Kianna Marquez: Technology should be our salvation, not our downfall

Wednesday, February 12, 2020 - 2:20pm

Today, technological failures often drive conversations about how inconvenient and counterproductive technology can be. As evidenced by the app used to carry out the data collection during the Iowa caucus earlier this month, technology can be complex and problematic. Additionally, the overwhelming difficulty of utilizing start-up technology on a national scale has become apparent, and we have to realize that digitized products must be improved by developers for years in order to ensure widespread success among consumers.

Major issues can be averted when we embed preventative technology into our infrastructure. The proven effectiveness of applying computerized numerical models to predict weather patterns, including damaging storms, outweighs the inconvenience of the lack of public access to this type of technology. That said, we have not discovered the potential benefits of enacting automated infrastructural processes — such as building rehabilitation or land restoration — in immediate response to climate disasters. Processes that use algorithms to direct unmanned, automatic equipment could be adapted by technology to limit human interaction and facilitate faster reactions to large scale issues. Though difficulties exist, automated infrastructural recovery efforts and their ability to help society recover from destructive natural disasters are promising, just as engineered remedies in medicine serve as promising solutions to health issues today. 

Technological advancements have assisted society in carrying out solutions to physical problems in the natural world. But these advancements have essentially been isolated solutions and I wonder if expanding the functionality and accessibility of technology could allow society to increase its reliance. Could current efforts to develop smart stormwater systems in Ann Arbor have been used to prevent or mitigate the contamination of the Detroit River with uranium and other harmful chemicals? In other words, could reducing the impact of these mistakes imposed on the environment be instigated with digitized infrastructural solutions? In this regard, the advancement of technology could serve society in more conducive, far-reaching ways.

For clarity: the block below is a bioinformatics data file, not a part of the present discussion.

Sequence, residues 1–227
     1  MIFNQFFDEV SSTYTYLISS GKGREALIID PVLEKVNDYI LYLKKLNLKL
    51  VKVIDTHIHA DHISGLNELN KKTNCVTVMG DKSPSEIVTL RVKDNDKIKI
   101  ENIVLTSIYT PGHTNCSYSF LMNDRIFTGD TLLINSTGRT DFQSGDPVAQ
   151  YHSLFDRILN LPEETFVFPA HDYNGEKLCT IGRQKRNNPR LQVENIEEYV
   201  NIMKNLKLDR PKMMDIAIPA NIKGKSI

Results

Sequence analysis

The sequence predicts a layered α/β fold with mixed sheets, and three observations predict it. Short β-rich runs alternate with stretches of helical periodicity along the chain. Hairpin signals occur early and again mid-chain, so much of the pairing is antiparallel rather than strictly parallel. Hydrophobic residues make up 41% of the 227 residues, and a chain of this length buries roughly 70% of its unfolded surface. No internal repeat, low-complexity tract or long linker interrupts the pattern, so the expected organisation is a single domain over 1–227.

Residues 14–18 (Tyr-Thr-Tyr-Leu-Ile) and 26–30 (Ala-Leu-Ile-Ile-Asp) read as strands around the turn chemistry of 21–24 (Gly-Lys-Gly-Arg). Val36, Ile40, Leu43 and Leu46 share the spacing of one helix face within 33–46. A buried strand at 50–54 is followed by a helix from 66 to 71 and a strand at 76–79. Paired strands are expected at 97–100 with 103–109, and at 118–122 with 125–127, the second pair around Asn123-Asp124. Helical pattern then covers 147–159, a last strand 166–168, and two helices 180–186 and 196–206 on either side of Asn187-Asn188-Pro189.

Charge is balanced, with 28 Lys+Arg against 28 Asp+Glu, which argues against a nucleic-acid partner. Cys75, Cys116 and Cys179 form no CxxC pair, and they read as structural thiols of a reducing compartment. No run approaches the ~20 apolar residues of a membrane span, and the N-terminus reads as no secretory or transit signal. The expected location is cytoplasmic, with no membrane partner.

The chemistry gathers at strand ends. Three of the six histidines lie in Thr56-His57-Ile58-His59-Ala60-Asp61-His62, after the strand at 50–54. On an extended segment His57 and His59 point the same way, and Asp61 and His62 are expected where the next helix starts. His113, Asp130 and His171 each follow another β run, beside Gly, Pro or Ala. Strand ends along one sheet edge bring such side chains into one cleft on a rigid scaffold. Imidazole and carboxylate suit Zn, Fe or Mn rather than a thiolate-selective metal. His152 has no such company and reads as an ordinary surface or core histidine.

More importantly, this technology could better equip us to address major climate issues. Since the University of Michigan is a public research institution, it’s our responsibility to commit to innovation to facilitate how college campuses address climate issues with technology. Leaders on campus should understand the importance of investing in the future of the entire campus and work to prioritize these efforts above other points of interest, like the apparent aversion to making substantial transitions toward a carbon-neutral campus. 

As community members with the potential to influence administrative decisions, we should push for legislature that will not hinder a society distressed by climate change. Instead, these developments in citywide, regional and national policy should become tailored for an inclusive environment where not everyone is required to be educated thoroughly and where everyone can benefit from the intellectual and physical access to technology. In doing so, a community like Ann Arbor could see widespread benefits from research-developed technology, and as these solutions ultimately become implementable for society, they could be used to address climate issues. 

Society should strive to create more automated climate solutions that can be executed through technology due to the opportunities technological progress can provide. From separating cafeteria waste to restoring a coastal wetland affected by a hurricane, technology could enable society to achieve more in both trivial and monumental tasks. Transforming our mindset to one of speculation about how we utilize existing technology and act on hypothetical advancements is essential for progress.

It’s reasonable to wonder if human intervention is the answer society is looking for, one that could ultimately restore all humans have laid waste to. Should we, as the carriers of modern civilization, instead remove ourselves from the natural world as a way to prevent further burden going forward? With this question in mind, the driving force behind a sustainable future should be the belief that we are capable of involving ourselves positively in the healing process of the planet. Every day, the commitment to creating positive human intervention in the natural world contributes to its revival. Challenging ourselves to commit to technological solutions that propagate a positive way in which we respond to and remedy the climate disasters we will inevitably face is the first step in making our multifarious natural world a better place. 

Kianna Marquez can be reached at kmarquez@umich.edu.